Mexico is preparing to auction the rights to produce oil from onshore fields in five of the nation’s states. These are the same states that average five incidents of pipeline theft a day where illegal taps are used to steal oil and gasoline in transit — almost double the pace from just two years ago.
Potential bidders don’t appear fazed by the security concerns.
A record 79 private companies, including Engie SA of France and Pacific Exploration and Production Corp. of Colombia, have qualified to bid in the Dec. 15 auction now that Mexico’s new laws have opened oilfield development to private companies.
That compares with 20 companies that qualified to bid in the country’s Sept. 30 offshore auction, underscoring how the chance to enter Mexico’s nascent oil market is outweighing risks.
“I’m not too concerned about security at this stage,” said Stefan Olivier, CEO of London-based MX Oil Plc. “We are very interested in Mexico and we are going to be bidding” in the Dec. 15 auction.
Mexico’s state-owned oil producer Petroleos Mexicanos documented 3,600 illegal taps on pipelines in 2014, a 40 percent increase from the 2,627 a year earlier, costing the company an estimated $792 million in stolen fuel.
Pilfering more than quadrupled from 2009 to 2013, according to Pemex, as the company is known, which partially attributes its 11-year slide in crude production to the increase in illegal taps. Mexico is on pace to exceed a record 4,000 incidents of pipeline theft this year, up from 710 in 2010.
Through the first eight months of the year, there were 3,547 illegal pipeline fuel taps reported, according to data gathered by Pemex, including 1,168 in the states where the 25 onshore fields will be auctioned next week.
Two of the fields up for auction are located in the northern Tamaulipas state, which reported 561 incidents of pipeline theft through August, the most of any Mexican state. A Pemex press official sent the figures for pipeline theft in an e-mail on Wednesday.
Fifty-three of the 79 companies qualified to bid in the coming auction are based in Mexico. The fact that local participation has increased in the onshore auction suggests the security risks aren’t seen as a deterrent to potential bidding, according to Duncan Wood, director of the Mexico Institute at the Woodrow Wilson International Center for Scholars in Washington.
“Every company knows that security will increase the cost of operating in Mexico, but they don’t see it as a deal-breaker in any way,” Wood said in a phone interview. “The Mexican companies already know the lay of the land. They have been operating in the country for years and are familiar with the way things work.”
The additional expense required for security measures onshore might be offset by the low cost of entry and favorable royalty terms offered by the government, according to Tim Samples, a law professor and Mexican-energy analyst at the University of Georgia in Athens. The Finance Ministry and National Hydrocarbons Commission announced Nov. 30 that no minimum investment will be required for bidders, and that royalty levels on the fields will range from 1 to 10 percent.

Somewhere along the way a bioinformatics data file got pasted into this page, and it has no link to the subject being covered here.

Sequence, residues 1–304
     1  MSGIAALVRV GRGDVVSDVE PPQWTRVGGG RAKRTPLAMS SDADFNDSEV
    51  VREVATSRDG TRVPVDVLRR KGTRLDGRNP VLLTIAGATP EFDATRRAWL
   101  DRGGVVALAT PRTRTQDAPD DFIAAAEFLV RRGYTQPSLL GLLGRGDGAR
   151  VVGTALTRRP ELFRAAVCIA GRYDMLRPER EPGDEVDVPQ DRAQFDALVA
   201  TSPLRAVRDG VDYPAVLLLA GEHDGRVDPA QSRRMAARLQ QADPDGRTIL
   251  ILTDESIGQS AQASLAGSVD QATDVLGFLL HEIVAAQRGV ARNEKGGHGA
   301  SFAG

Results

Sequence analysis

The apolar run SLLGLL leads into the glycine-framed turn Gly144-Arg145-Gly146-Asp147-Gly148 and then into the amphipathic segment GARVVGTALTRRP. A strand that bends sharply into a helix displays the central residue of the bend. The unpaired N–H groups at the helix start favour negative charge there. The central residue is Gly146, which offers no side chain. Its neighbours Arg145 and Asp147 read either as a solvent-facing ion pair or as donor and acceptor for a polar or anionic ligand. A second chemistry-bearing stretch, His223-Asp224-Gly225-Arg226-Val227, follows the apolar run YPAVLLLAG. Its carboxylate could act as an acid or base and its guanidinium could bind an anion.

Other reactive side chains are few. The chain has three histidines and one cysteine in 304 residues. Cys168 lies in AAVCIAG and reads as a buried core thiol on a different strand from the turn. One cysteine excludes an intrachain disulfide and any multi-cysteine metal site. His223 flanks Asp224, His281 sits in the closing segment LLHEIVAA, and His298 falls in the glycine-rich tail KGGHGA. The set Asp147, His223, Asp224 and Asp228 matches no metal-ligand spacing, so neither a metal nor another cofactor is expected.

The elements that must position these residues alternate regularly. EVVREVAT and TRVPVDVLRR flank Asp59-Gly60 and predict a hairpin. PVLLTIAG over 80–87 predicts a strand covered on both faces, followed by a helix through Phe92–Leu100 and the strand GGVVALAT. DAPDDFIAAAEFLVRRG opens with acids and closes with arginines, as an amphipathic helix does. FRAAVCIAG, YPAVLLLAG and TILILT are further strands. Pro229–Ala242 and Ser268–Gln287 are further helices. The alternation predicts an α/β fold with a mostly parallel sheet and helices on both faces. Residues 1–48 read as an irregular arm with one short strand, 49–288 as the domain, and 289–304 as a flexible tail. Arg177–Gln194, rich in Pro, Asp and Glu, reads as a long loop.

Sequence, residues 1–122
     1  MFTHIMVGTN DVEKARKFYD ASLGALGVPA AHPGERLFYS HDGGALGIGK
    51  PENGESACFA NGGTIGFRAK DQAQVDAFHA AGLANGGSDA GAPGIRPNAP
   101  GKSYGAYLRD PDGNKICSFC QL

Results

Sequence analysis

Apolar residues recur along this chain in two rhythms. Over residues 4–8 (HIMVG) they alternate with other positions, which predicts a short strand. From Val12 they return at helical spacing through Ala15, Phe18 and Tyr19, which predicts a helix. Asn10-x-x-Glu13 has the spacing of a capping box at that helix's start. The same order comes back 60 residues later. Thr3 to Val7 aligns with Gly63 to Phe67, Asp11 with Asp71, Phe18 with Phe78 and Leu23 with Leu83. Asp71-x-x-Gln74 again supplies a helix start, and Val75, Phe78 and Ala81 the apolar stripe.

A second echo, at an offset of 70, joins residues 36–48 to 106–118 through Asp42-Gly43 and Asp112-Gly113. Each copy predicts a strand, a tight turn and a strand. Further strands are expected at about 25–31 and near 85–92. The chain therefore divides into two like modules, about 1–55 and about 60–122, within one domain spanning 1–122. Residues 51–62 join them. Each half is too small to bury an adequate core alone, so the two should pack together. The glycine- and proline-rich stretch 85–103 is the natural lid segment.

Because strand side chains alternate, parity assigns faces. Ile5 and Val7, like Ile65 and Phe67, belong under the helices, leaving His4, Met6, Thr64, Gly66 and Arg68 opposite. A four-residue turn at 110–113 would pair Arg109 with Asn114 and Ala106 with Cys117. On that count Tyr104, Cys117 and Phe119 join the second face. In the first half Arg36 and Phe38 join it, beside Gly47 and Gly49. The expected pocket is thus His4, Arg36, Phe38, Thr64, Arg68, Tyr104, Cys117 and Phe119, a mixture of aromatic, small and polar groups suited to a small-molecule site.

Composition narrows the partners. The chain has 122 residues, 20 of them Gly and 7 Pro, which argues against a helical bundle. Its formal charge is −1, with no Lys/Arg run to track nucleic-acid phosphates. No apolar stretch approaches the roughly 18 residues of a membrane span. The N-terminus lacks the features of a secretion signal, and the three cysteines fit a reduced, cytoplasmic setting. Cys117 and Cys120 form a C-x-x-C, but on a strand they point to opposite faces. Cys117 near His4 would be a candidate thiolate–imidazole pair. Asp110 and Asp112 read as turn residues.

“These are bargain-bin fiscal terms here. They are rock bottom,” Samples said. “In this price environment with the on- the-ground realities of producing onshore in Mexico, it might be a necessity” for the government to lure companies with favorable financial terms.
The onshore oil fields for auction are located in the states of Nuevo Leon and Tamaulipas, in the northern Burgos basin, the eastern coastal state of Veracruz, and the southern Chiapas and Tabasco states.
In April 2014, a hotel housing Weatherford International Ltd. oil workers in Ciudad Mier, Tamaulipas, was riddled with gun shots in an area of the country known for drug gangs.
“The most salient operational risk relates to extortion,” Grant Sunderland, Latin America analyst at Verisk Maplecroft, wrote in an e-mailed response to questions. “There is a considerable risk that drug-trafficking organizations will ‘follow the money,’ and as oil and gas investment ramps up, foreign companies could become targets of crime.”
Mexico’s government has proven it can provide adequate security forces for large-scale infrastructure projects such as onshore oil drilling, according to Randall Connally, chief executive officer at Northcote Energy of London. Northcote, which is building a facility in the Tabasco state, elected not to participate in the onshore oil auctions.
“Anywhere in the world a certain amount of crime is to be expected,” Connally said in a Dec. 3 phone interview from Dallas. “The Mexican government has control of the vital components of their national infrastructure. Once the field is operating, especially if it’s a gas field, I don’t think you need to worry about organized crime.”